John William Tuohy lives in Washington DC

Enough bull

This incredible photo marks the end of Matador Torero Alvaro Munera’s career. He collapsed in remorse mid-fight when he realized he was having to prompt this otherwise gentle beast to fight. He went on to become an avid opponent of bullfights. Even grievously wounded by picadors, he did not attack this man.
Torrero Munera is quoted as saying of this moment: “And suddenly, I looked at the bull. He had this innocence that all animals have in their eyes, and he looked at me with this pleading. It was like a cry for justice, deep down inside of me. I describe it as being like a prayer - because if one confesses, it is hoped, that one is forgiven. I felt like the worst shit on earth.”

Good words to have

Null: Having no legal or binding force : invalid.  TheEnglish borrowed null from the Anglo-French nul, meaning "not any." That word, in turn, traces to the Latin word nullus, fromne-, meaning "not," and ullus, meaning "any."

Intractable:  Not easily handled, managed, or controlled. From Latin tractare (to handle), frequentative of trahere (draw). 

Word power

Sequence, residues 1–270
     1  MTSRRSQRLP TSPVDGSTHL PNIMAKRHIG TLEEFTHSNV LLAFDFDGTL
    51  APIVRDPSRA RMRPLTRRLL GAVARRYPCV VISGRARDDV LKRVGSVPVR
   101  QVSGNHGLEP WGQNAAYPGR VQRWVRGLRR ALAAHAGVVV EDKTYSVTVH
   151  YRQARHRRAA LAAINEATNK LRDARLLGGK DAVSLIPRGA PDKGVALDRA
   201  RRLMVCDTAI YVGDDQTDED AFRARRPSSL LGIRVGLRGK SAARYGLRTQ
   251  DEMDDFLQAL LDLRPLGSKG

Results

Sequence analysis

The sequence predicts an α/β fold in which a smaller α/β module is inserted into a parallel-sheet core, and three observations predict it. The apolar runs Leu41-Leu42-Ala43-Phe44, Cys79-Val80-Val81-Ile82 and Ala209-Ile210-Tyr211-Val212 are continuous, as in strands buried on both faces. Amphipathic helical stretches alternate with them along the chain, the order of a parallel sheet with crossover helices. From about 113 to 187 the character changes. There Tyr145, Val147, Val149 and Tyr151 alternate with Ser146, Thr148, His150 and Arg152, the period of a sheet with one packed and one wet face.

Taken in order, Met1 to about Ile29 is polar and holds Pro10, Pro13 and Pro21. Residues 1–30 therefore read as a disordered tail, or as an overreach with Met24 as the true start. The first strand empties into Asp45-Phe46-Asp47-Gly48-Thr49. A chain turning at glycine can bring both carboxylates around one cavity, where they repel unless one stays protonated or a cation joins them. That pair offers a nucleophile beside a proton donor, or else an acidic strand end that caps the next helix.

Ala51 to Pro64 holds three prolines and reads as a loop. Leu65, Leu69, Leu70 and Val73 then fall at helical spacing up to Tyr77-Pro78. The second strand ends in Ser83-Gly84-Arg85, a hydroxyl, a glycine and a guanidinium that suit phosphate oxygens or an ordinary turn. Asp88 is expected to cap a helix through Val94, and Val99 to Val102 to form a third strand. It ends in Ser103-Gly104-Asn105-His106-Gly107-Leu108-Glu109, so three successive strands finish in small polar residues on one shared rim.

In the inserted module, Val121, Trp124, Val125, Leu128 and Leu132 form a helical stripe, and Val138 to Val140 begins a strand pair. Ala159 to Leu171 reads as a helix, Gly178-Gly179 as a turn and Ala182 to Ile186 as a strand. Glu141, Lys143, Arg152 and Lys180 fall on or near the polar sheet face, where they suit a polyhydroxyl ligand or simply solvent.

Quidnunc: A person who seeks to know all the latest news or gossip : busybody

Dour: Sullen; severe; gloomy; stubborn.  Probably from Latin durus (hard). Earliest documented use: 1425.

Omnipotent: Having virtually unlimited authority or influence. Ultimately derives from the Latin prefix omni-, meaning "all," and the word potens, meaning "potent." The omni- prefix has also given us similar words such as omniscient (meaning "all-knowing") and omnivorous (describing an animal that eats both plants and other animals). Although omnipotent is used in general contexts to mean "all-powerful" (as in "an omnipotent warlord"), its original applications in English referred specifically to the power held by an almighty God. The word has been used as an English adjective since the 14th century; since 1600 it has also been used as a noun referring to one who is omnipotent.